In a project of this nature, the number of persons to be thanked is legion. No reasonable amount of space would permit even the mere listing of the names of those who contributed to this presidential performance study in one way or another. We are especially grateful to the sixty interviewees who spent hours in verbal discourse with us and to the nearly one thousand American historians who took the time to answer our survey questionnaires and return them for analysis. Without the cooperation of these historians, this study would have been impossible.
Apart from these two historian groups, there are a few specific individuals who have our heartfelt thanks. Professor Stanley Weintraub, Director of the Institute for the Arts and Humanistic Studies, and Dr. Stanley Paulson, former Dean of the College of Liberal Arts at The Pennsylvania State University, gave psychological and monetary support throughout the period required to secure the data. Robert D. Lee Director for Research in the Institute of Public Administration, and Robert Mowitz (now deceased), Director of the Institute of Public Administration at The Pennsylvania State University, provided advice on sampling techniques and supplied us with specialized personnel to help construct the survey instrument and solve polling problems as they arose. Glen Kreider, Research Application Specialist, and William McCane, Instructional Specialist, both in the Center for Computer Assistance at The Pennsylvania State University, were our contacts for computer-related problems. Historians Philip S. Klein, Warren W. Hassler, Ira V. Brown, Earl Kaylor, and Richard Hatch gave unselfishly of their time to aid us with the historical aspects of the study.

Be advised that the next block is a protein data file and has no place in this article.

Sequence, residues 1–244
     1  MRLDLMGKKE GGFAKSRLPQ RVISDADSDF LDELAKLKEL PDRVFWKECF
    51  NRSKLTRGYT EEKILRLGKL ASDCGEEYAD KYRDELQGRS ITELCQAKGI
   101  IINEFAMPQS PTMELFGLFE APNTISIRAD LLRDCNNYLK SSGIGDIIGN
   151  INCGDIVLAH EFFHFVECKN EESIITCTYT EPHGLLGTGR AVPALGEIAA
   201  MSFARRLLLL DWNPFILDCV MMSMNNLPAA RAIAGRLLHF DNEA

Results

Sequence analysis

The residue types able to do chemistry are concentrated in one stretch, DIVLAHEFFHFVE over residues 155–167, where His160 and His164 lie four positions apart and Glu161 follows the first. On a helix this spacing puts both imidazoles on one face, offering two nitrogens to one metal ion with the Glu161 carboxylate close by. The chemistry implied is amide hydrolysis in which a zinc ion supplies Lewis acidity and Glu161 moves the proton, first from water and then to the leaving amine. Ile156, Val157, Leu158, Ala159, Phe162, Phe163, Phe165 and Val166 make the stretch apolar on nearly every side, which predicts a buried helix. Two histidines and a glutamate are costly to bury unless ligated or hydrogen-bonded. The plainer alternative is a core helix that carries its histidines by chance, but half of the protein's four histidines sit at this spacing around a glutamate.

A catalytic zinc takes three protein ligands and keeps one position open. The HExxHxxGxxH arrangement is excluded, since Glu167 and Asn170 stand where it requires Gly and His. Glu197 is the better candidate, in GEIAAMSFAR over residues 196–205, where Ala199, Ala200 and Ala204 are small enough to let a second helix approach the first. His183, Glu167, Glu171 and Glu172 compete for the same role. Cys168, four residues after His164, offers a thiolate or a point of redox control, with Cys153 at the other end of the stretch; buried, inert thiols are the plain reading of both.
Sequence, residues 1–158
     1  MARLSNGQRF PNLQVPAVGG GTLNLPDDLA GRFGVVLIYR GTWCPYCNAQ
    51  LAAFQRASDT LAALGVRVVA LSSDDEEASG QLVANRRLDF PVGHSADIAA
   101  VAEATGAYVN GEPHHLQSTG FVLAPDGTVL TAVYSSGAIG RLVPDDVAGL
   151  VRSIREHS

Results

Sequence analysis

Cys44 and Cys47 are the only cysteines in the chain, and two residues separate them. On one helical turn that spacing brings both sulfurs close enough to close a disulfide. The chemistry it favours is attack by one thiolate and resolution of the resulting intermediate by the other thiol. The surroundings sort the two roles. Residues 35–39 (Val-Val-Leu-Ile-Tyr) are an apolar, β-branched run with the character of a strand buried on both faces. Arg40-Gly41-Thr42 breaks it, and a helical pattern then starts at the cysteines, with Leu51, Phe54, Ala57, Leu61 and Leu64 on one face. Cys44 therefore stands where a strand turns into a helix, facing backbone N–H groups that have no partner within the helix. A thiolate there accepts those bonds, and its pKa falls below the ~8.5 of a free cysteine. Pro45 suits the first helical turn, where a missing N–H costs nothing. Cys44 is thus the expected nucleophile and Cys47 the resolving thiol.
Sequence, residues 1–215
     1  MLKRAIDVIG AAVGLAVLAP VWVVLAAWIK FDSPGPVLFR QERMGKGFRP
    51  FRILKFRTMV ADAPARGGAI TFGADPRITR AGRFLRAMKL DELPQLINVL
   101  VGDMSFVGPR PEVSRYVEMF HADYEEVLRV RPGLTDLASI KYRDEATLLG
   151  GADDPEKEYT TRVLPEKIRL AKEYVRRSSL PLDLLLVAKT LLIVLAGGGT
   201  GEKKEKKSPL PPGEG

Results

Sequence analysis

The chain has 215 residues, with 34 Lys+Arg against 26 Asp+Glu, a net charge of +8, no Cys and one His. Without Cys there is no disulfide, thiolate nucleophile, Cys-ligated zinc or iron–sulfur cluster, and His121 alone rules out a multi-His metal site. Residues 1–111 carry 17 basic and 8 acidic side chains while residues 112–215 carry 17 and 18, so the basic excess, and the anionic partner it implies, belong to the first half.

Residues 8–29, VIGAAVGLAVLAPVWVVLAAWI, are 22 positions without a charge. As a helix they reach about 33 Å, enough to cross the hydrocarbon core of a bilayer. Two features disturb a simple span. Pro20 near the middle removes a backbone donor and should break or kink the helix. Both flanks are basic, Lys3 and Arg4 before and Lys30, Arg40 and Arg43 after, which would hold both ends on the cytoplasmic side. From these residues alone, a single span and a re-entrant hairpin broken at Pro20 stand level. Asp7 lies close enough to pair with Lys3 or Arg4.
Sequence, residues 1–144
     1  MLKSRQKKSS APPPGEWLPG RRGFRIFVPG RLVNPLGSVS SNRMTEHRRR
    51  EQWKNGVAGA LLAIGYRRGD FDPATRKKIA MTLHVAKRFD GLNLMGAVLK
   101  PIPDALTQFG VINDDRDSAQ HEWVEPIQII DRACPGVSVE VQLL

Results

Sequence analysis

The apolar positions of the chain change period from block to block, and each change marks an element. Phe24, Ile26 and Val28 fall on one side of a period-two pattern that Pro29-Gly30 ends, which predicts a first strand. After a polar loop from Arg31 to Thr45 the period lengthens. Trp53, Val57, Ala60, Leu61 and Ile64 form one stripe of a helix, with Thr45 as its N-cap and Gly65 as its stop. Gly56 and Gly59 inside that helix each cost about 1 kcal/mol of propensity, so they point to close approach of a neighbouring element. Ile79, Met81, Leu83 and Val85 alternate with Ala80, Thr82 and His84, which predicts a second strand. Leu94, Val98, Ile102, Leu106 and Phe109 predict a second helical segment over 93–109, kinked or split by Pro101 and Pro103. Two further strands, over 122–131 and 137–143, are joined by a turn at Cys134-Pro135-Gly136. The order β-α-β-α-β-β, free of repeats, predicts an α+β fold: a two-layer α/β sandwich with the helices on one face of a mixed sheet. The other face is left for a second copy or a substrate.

The laborious chores of envelope stuffing, mail sorting, and codification of data would never have been completed without the help of such persons as Robin Floyd, Janet Winters, Kathy Cresswell, Richard Russell, Michael Pavkovic, Su-Ya Chang, Joshua Rosen, and Marilyn Parrish. Shirley Rader, Jan Shoemaker, and especially Carol McGahen cheerfully assumed the burden of typing the manuscript and setting up the many tables and appendixes. Eve Murray's editorial and literary suggestions made the conversion of statistical data into prose read less boring than it might otherwise have been.